National pride would appear to drive the current claims for the great antiquity of Gunung Padang, where Göbekli Tepe, in Turkey, is seen to have garnered the lion’s share of attention as the world’s oldest verified megalithic site(g).
Natawidjaja published his Atlantis theory in a Kindle ebook, Plato Never Lied: Atlantis Is in Indonesia. To be candid, I found the Atlantis in Indonesia theory by Dhani Irwanto to be far superior.
In his review of Hancock’s Magicians of the Gods, Jason Colavito refers to “Danny Hilman Natawidjaja, the Indonesian geologist who declared the site of Gunung Padang on Sumatra to be ten or twenty thousand years old, and thus making Indonesia the cradle of civilization. Natawidjaja is a true believer in fringe history and suspects that Plato was speaking of Gunung Padang when writing of Atlantis. His opinions are noteworthy only because the previous government of Indonesia gave him the money and resources to excavate the site in search of proof of Indonesian primacy in history before the current government shut down the investigation for becoming an international laughingstock. Like Semir Osmanogich in Bosnia, Natawidjaja sees artificial layers of construction in the deepest layers of what his colleagues in Indonesia and archaeologists around the world believe to be a natural hill crowned with later ruins.”(f)
November 2016 saw a further incredible claim coming from Natawidjaja, namely that a 2500-year-old ‘electrical device’ had been found on Gunung Padang, which is claimed to be some form of a capacitor and has been compared with the design of the biblical Ark of the Covenant. The report(d) that I’ve seen does not include any images, but until more concrete information is available, my scepticism is on ‘red alert’.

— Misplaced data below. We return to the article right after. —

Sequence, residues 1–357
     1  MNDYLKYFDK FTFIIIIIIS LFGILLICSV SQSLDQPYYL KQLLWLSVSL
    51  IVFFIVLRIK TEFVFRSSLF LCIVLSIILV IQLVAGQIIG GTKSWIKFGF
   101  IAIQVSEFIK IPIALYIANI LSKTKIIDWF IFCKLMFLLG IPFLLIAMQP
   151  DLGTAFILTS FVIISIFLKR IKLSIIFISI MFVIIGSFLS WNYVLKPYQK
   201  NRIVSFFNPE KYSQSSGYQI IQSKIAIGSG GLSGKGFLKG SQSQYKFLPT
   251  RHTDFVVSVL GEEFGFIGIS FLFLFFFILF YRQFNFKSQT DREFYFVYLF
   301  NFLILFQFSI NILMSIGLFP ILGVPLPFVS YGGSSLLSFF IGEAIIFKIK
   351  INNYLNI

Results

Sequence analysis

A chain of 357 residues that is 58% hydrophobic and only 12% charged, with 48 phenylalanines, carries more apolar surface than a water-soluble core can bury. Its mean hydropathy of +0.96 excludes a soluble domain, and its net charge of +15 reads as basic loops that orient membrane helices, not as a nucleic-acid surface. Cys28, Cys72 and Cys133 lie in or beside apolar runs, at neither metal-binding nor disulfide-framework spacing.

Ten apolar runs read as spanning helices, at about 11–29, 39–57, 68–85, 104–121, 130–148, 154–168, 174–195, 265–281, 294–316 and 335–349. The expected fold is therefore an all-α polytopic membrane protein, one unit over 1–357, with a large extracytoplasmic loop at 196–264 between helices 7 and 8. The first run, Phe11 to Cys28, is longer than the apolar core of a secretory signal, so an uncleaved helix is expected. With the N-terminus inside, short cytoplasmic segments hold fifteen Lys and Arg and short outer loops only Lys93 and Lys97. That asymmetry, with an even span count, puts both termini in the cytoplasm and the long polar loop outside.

In May 2017, Rebecca Bradley, in an open letter, wrote(e) an extensive attack on Natawidjaja’s Gunung Padang claims.
Wikipedia has also noted criticism coming from local scientists(i) “Thirty-four Indonesian scientists signed a petition questioning the motives and methods of the Hilman-Arif team. Vulcanologist Sutikno Bronto states that the site is the neck of an ancient volcano and not a man-made pyramid. An archaeologist who did not wish to be named due to the involvement of the country’s president who had set up a task force said that: ‘In archaeology, we usually find the ‘culture’ first … Then, after we find out the artefact’s age we’ll seek out historical references to any civilisation which existed around that period. Only then will we be able to explain the artefact historically. In this case, they ‘found’ something, carbon-dated it, then it looks like they created a civilisation around the period to explain their finding.'” (h)
(c) Gunung Padang, “The Mountain Of Light”, West Java, Indonesia. | Shift Frequency (archive.org)
(f) Magicians of the Gods Review – JASON COLAVITO
(g) https://www.asiangeo.com/2019/heritage/the-pyramid-of-gunung-padang/ (link broken) *
(h) Digging for the truth at controversial megalithic site (smh.com.au)